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6 Key Findings of Incident Reporting

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Thursday, December 13, 2018 -- 11:00 AM PT/2:00 PM ET

An exceeding number of police departments and law enforcement agencies, whose officers spend upwards of 3-4 hours a day completing incident reports and other time-sensitive paperwork*, are turning to smarter tools, such as speech recognition solutions, to help transform their police reporting workflows.

Join us on Thursday, December 13, 2018 at 2:00 PM ET to hear why these law enforcement professionals are embracing smarter tools to complete higher-quality reports and move mission-critical information within the CAD/RMS faster and more efficiently – all by voice.

This discussion will provide you with an understanding of:

  • What law enforcement has to say about current reporting processes
  • Why officers, especially recruits, want smarter tools to help with police paperwork
  • Why manual reporting has a negative impact on report accuracy and productivity and can hinder criminal proceedings
  • How departments can speed up data entry within the CAD/RMs and move mission-critical information more accurately and efficiently
  • How speech recognition technology can help increase officer safety and improve situational awareness and productivity on patrol
  • Why embracing smarter technology increases community visibility, and minimizes costs

Learn how your department can make incident reporting faster, safer and more complete by registering for our webinar today.

*Role of Technology in Law Enforcement Paperwork Survey 


Eric La Scola, Product Marketing Manager, Dragon, Nuance

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Demystifying the Convergence of LTE and LMR Networks for First Responders

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Originally aired: Thursday, December 6, 2018 -- 11:00 AM PT/2:00 PM ET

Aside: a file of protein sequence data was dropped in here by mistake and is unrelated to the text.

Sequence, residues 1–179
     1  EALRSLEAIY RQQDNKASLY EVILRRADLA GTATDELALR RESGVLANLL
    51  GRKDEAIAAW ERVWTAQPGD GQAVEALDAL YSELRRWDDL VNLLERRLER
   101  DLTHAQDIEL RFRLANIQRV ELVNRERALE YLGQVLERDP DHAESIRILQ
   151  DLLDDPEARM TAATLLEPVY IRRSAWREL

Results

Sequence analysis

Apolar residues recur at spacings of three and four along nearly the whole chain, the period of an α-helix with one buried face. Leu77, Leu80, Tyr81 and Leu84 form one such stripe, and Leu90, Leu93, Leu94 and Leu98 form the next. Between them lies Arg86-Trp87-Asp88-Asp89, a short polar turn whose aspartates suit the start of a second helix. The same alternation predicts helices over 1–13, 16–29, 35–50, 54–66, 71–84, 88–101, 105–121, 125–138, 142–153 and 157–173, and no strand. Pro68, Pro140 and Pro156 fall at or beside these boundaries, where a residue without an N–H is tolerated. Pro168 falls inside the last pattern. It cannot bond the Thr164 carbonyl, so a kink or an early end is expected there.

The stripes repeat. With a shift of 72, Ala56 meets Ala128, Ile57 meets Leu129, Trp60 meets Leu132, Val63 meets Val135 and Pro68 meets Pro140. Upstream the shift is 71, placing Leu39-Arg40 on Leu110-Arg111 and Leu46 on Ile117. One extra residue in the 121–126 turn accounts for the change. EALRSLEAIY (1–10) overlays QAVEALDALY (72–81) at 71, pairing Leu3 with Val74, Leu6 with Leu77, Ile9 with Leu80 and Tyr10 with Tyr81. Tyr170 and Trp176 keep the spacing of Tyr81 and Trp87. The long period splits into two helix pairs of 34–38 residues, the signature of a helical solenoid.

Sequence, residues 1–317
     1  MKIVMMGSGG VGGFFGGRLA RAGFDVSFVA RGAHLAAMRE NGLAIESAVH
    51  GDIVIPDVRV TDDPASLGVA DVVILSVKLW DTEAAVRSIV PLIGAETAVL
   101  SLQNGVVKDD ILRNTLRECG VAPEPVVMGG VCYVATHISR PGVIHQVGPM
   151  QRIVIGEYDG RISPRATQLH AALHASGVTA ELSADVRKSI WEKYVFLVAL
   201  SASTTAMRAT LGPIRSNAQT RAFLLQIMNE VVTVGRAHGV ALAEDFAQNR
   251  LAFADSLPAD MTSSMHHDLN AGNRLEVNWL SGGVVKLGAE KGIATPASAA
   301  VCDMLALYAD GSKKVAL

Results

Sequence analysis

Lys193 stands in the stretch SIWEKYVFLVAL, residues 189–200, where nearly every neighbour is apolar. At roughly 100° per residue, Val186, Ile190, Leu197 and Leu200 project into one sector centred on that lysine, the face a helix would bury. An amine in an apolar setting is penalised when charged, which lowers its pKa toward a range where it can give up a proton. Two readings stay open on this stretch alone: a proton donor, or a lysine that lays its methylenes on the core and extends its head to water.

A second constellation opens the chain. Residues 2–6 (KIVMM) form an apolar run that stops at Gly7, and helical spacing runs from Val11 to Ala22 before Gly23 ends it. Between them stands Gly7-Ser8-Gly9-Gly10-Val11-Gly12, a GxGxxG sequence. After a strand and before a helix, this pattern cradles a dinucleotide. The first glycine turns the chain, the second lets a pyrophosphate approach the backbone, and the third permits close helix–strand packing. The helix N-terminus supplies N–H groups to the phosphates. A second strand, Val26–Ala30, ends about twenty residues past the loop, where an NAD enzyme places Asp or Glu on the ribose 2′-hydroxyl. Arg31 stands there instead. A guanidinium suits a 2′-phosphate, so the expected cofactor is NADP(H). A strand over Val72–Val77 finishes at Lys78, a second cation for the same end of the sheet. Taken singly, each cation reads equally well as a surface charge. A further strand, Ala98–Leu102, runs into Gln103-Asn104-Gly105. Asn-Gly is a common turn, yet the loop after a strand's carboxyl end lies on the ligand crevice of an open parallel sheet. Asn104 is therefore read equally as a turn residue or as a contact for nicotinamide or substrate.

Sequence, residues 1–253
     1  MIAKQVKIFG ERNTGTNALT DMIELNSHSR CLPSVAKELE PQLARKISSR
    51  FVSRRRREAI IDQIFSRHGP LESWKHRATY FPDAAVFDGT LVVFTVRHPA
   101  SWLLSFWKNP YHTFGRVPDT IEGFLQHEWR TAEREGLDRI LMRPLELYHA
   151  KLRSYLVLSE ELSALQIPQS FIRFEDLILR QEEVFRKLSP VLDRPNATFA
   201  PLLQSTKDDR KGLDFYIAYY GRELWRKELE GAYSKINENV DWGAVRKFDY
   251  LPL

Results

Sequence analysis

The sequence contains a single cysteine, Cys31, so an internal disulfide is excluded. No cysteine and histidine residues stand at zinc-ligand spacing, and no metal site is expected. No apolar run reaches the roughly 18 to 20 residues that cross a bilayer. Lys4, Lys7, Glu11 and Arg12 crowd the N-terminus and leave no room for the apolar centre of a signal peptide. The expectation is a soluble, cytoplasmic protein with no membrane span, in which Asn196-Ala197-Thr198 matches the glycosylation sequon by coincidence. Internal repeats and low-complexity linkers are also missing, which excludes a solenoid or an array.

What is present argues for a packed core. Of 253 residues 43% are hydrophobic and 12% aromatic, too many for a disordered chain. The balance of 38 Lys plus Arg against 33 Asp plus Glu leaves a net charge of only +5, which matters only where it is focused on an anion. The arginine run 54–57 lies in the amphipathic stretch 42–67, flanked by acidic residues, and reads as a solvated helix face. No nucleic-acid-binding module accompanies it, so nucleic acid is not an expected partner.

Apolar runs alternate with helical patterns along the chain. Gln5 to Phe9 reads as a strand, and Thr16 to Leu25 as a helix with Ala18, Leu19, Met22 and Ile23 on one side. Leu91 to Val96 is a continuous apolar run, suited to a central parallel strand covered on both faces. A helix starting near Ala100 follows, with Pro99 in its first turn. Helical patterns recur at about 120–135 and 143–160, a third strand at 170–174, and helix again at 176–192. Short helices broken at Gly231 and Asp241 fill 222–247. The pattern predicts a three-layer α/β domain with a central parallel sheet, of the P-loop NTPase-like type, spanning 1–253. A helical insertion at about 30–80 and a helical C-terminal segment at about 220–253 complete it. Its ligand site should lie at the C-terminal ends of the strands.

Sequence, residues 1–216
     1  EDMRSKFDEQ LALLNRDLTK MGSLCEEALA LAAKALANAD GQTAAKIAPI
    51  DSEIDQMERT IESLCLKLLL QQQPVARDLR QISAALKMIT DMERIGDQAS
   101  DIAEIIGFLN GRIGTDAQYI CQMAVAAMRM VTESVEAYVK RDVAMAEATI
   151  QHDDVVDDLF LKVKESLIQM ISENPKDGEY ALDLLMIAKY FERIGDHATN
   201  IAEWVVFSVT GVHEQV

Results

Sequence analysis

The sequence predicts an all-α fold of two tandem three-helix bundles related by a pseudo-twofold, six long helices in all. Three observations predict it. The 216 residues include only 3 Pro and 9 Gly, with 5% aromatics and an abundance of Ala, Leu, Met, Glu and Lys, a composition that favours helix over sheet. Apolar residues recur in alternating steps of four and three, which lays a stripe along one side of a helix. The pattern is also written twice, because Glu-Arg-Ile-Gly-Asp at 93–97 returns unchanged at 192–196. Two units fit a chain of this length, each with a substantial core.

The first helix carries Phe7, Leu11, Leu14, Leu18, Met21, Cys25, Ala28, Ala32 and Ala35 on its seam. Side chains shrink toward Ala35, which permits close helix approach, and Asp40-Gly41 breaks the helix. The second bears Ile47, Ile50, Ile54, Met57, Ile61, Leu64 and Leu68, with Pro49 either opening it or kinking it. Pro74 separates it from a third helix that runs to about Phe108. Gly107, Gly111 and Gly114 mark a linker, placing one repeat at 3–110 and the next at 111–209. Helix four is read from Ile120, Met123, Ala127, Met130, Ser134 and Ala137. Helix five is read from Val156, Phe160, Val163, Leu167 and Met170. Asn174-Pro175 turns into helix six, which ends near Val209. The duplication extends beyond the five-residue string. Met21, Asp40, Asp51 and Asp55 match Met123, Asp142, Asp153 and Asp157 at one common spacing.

Narrowband Land Mobile Radio (LMR) networks and user radio equipment have been the cornerstone of mobile communications for First Responders for decades. The trend from traditional analog to more robust wireless broadband networks in recent years has improved the overall accessibility but questions remain on whether the new networks can provide all the required capabilities First Responders need to do their job.

Increasing demand for bandwidth intensive applications such as video, advanced mapping and analytics, alongside critical voice communications has been driving adoption of broadband LTE cellular networks, such as FirstNet.

Join our panel of industry experts for this insightful 60-minute on-demand webinar as they discuss the critical differences between LMR networks and LTE networking, how these technologies can successfully co-exist, and explore the future of critical communications for First Responders.

In this session, you will learn:

  • Current and future industry trends for LTE and LMR technologies
  • Challenges and obstacles with the convergence of technologies
  • Real-life examples of successful hybrid communication strategies for First Responders
  • Recommendations for future proofing your agency; adoption of new technologies and how to bridge the gap


Tony Morris, VP North American Sales, Enterprise Solutions, Sierra Wireless

Jesus Gonzalez, Analyst II, Critical Communications, IHS Markit

Ken Rehbehn, Principal Analyst, Critical Communications Insights

Andrew Seybold, Senior Partner, Andrew Seybold Inc.

Top News

ACLU Questions Oakland's Body Camera Policy In Fatal Shooting

October 03, 2011  | 

An Oakland Police officer's body worn camera captured a fatal shooting with a suspect that drew questions from trial attorneys and the ACLU about whether officers should be allowed to view footage before speaking to investigators.

The officer's Vievu on-body camera, which is about the size of a pager, captured the Sept. 25 shooting in East Oakland. The officer fatally shot the suspect, who had a gun and drugs, after a foot pursuit and struggle.

The officers are usually allowed to view their footage after filing an initial report. In this instance, the office wasn't allowed to view the footage prior to speaking with investigators.

Questioning the policy was the American Civil Liberties Union and John Burris, an Oakland attorney, who said officers who shoot suspects shouldn't have access to such a video because that would give the officer "an opportunity to change your story to match the video."

The city bought 350 wearable cameras late last year from Vievu of Seattle for $540,000, and began issuing them to officers, who are expected to record all of their stops and arrests.

Source: San Francisco Chronicle.

Related: Turning Cops into Cameras

Comments (13)

Displaying 1 - 13 of 13

Coloradolawman @ 10/3/2011 5:40 PM

What's wrong with being able to watch the video to make sure their recollection of the incident matches the video. I can't tell you how many times video/audio recordings have jarred my memory. Does the ACLU not want the truth in the report? They amazed me with their stupidity.

Tom Ret @ 10/3/2011 6:08 PM

If you take the opposite position of what the ACLU espouses chances are high you will be right.

Chris @ 10/3/2011 6:22 PM